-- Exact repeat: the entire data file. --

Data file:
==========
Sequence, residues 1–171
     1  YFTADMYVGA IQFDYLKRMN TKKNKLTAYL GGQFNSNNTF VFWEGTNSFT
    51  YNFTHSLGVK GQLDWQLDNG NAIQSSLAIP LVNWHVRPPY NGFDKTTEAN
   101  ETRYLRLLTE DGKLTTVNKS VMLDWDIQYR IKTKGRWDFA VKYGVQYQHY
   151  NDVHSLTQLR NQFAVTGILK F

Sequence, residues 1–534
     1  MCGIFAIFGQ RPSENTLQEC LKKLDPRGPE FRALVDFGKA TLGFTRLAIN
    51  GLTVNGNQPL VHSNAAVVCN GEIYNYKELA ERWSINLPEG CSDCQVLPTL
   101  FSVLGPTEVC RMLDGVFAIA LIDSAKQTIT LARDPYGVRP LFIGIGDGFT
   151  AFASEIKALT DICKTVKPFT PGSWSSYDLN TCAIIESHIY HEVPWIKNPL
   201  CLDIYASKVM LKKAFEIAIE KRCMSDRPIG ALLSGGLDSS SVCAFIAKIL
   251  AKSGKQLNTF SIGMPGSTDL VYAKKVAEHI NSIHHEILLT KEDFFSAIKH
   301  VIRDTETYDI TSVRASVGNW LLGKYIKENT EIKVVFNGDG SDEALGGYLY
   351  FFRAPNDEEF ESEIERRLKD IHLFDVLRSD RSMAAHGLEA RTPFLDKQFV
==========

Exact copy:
Sequence, residues 1–171
     1  YFTADMYVGA IQFDYLKRMN TKKNKLTAYL GGQFNSNNTF VFWEGTNSFT
    51  YNFTHSLGVK GQLDWQLDNG NAIQSSLAIP LVNWHVRPPY NGFDKTTEAN
   101  ETRYLRLLTE DGKLTTVNKS VMLDWDIQYR IKTKGRWDFA VKYGVQYQHY
   151  NDVHSLTQLR NQFAVTGILK F

Sequence, residues 1–534
     1  MCGIFAIFGQ RPSENTLQEC LKKLDPRGPE FRALVDFGKA TLGFTRLAIN
    51  GLTVNGNQPL VHSNAAVVCN GEIYNYKELA ERWSINLPEG CSDCQVLPTL
   101  FSVLGPTEVC RMLDGVFAIA LIDSAKQTIT LARDPYGVRP LFIGIGDGFT
   151  AFASEIKALT DICKTVKPFT PGSWSSYDLN TCAIIESHIY HEVPWIKNPL
   201  CLDIYASKVM LKKAFEIAIE KRCMSDRPIG ALLSGGLDSS SVCAFIAKIL
   251  AKSGKQLNTF SIGMPGSTDL VYAKKVAEHI NSIHHEILLT KEDFFSAIKH
   301  VIRDTETYDI TSVRASVGNW LLGKYIKENT EIKVVFNGDG SDEALGGYLY
   351  FFRAPNDEEF ESEIERRLKD IHLFDVLRSD RSMAAHGLEA RTPFLDKQFV